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Life after PhD?  

2011-02-26 12:12:38|  分类: 默认分类 |  标签: |举报 |字号 订阅

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The ISG has over 70 PhD research students, working on a wide variety of

information security research topics. A PhD degree often appears to be a long

lonely road. So why are they doing it? And what are the benefits? We spoke to

Caroline Belrose, who completed her PhD in 2006, about life before, and after, a

PhD.

Why did you choose to do a PhD?

Good question! I'm not someone who always wanted to do a PhD, but I was

always interested in Cryptography, and after my MSc Information Security I

worked for six months with HP Labs in Bristol. I ended up publishing a research

paper with one of my HP colleagues and I got a real kick from that. So I started

to consider the idea of doing a PhD. My main problem was funding, so when

HP generously agreed to sponsor my PhD, I decided to go ahead with it.

Why did you choose to study with the ISG?

It is the largest and most well-known UK academic group working on information

security. I think that's a good thing for students because it means that there is a

wealth of experience to draw on and learn from. There is also more variety in the

kind of research going on, which is inspirational and gives students more

options.

Dare we ask what your PhD was about?

To provide a short answer I’ll discuss my thesis, but a PhD is about far more than

the thesis! The first part was about special kinds of signature schemes which

involve multiple parties and where you can't determine who from a group of

people actually produced the signature. The second part was about key

agreement protocols, an area which seems pretty simple, but isn't. In both parts

of the thesis I examined how to formulate good security models for the primitives

I was working with, and also looked at how to prove that a given signature

scheme or protocol was secure within these security models.

What are you doing now?

After completing my PhD I was offered a job with Vodafone in their R&D security

team, and I took it because it offered a good balance between research and

industry. I have a lot of variety in my role and a lot of interaction with all sorts of

people both inside and outside of Vodafone, which I like. I am involved in

managing the security requirements for the phones Vodafone purchases and sells

on to customers, security work in industry fora and standards bodies,

investigating new mobile security technologies for phones in the future, and a lot

of other small things that crop up that require security expertise.

You could have pursued an academic career, why have you joined

industry?

I realised during my PhD that I wouldn't be happy in academia. I enjoy working

on problems and coming up with solutions, but everyday academic work is

seldom about that. It’s also about lecturing, marking and reviewing, none of

which particularly appealed to me. Academia offers you a great deal of freedom

in what you study, but a lot of academic research can be very far removed from

current reality, and this became even clearer to me through my regular contact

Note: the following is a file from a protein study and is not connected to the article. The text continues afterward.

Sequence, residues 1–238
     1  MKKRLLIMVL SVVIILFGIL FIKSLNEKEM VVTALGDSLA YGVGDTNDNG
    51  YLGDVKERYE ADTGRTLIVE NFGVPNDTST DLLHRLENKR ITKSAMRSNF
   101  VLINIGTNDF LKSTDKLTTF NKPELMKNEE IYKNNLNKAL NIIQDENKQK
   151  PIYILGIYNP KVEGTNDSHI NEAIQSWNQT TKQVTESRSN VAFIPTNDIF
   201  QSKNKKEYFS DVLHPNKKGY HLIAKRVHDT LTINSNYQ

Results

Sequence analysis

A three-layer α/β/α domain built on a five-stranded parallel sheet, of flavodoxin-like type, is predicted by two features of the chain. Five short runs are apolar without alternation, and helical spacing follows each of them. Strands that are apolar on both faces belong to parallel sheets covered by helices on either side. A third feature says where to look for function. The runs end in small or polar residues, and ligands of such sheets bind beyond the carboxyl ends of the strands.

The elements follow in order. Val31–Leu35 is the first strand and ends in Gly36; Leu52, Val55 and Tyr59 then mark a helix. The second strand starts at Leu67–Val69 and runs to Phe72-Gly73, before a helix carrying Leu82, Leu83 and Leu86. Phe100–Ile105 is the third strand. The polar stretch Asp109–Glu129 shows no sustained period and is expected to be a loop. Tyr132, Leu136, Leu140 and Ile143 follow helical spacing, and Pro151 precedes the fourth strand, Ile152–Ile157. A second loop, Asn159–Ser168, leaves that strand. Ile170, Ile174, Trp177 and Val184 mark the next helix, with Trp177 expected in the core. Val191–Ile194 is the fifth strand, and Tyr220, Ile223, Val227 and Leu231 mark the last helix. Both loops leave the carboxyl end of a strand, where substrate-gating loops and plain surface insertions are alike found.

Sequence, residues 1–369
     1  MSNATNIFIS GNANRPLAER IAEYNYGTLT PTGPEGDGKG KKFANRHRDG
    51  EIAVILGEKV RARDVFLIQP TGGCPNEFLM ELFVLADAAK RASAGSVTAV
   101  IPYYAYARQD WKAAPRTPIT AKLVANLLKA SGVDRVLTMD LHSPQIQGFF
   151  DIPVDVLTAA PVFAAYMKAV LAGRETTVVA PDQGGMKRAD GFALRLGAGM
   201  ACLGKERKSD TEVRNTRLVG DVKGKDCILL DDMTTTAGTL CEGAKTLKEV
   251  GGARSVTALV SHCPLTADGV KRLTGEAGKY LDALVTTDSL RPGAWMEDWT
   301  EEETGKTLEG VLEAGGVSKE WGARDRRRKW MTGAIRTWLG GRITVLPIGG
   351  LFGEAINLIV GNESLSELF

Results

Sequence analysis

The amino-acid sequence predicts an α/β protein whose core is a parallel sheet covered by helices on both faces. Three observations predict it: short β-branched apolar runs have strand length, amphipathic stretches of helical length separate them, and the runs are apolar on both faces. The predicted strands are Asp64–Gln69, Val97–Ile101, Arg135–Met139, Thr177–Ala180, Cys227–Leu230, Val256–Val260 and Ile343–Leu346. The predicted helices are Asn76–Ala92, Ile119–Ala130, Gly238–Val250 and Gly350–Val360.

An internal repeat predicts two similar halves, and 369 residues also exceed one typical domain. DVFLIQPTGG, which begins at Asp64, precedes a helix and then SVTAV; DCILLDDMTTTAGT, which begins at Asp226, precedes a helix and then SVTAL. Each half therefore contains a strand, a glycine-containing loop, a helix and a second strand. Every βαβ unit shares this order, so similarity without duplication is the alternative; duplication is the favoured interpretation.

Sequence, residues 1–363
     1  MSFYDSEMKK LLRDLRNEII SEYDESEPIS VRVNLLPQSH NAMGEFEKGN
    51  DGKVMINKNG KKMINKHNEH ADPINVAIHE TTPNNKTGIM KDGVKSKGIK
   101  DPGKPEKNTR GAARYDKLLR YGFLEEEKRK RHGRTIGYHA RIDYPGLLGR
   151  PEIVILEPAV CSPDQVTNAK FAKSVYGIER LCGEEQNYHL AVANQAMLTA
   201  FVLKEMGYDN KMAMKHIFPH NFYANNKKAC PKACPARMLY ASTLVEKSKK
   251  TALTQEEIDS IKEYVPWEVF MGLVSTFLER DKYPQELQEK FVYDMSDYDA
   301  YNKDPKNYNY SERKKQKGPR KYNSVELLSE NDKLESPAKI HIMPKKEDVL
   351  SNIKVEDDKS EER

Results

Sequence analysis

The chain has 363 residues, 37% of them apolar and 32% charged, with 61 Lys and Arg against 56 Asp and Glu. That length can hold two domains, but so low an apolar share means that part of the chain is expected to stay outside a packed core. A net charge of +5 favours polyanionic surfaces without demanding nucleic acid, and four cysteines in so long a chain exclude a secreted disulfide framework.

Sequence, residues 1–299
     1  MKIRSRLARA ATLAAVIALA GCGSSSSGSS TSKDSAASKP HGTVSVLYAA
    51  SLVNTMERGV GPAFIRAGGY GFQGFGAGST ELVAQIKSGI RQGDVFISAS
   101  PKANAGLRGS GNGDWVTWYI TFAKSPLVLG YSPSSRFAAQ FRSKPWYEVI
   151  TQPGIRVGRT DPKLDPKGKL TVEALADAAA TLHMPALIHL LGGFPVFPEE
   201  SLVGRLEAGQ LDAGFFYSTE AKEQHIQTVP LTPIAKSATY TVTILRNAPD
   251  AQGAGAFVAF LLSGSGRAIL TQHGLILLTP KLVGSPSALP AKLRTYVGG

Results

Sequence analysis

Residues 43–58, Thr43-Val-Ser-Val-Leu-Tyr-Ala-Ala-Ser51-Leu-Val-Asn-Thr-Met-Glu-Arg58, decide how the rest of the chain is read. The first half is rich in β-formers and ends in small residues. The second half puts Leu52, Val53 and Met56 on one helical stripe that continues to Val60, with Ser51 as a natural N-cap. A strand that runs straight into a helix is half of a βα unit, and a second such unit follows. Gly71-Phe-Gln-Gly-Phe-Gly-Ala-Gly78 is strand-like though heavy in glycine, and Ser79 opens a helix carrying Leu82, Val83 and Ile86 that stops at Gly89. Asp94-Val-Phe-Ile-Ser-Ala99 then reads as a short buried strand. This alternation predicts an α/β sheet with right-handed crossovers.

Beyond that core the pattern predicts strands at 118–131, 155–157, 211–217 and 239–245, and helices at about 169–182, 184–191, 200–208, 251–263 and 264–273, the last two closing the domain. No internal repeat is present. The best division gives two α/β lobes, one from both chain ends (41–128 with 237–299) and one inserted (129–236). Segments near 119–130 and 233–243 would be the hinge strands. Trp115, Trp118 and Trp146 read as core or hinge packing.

with HP. I wanted to work on things that people other than cryptographers felt

was important and that mattered now (patience is not something I'm known for).

So although the world of industry did look a little scary from the safety of

academia, I felt that I needed a change and a new challenge.

Are there any skills that you acquired during your PhD that are useful in

your current role?

I learnt to question things and keep an open mind to new ideas. I learnt to

reason about problems in order to develop logical solutions, and then to present

my findings. And very importantly, I also learnt to trust my own abilities. I

discovered that if you just sit down and give yourself the time to think things

through properly, you can often come up with some surprising results. The thing

is, most of us don't usually bother to try, or don't have the time, so we never

really explore what we're capable of doing. A PhD gives you a unique opportunity

to learn these skills, and they'll be useful wherever you go.

Any advice for anyone contemplating starting a PhD?

Firstly, I would say be honest with yourself about why you want to do it. If you

like the sound of the title "Doctor", or you want to impress your friends, or you

just don't know what to do next, then I would recommending finding something

else. A PhD takes a lot of self motivation, and if your heart's not in it, you may

not make it, and even if you do, you probably won't enjoy it. If you want to make

loads of money, a PhD is unlikely to put you ahead either, because experience

usually counts for more than academic qualifications. If however you have a

genuine interest in your chosen topic, you enjoy the freedom of being able to

explore your own ideas, and you think you may want to go into academia or just

experience what research is like for a few years, then go for it. I think a lot of

people worry about not knowing exactly what they want to actually study, or that

they don't know if they'll be able to come up with original new ideas. But these

are things that you work out as you go along with the help of you supervisor and

fellow students. To me, this is part of the PhD experience.

I would also recommend speaking to someone who has completed a PhD to

clarify any questions you may have. It's a three-year commitment, so be as

informed as possible beforehand.

Is there life after a PhD?

There seems to plenty of PhD graduates about who don't require Prozac to make

it through the day, so there must be life after a PhD! I miss the "flexitime" of PhD

life, but it's great to finally have that thesis done and dusted and not to have

to think about it again (until someone starts asking you questions about it)!

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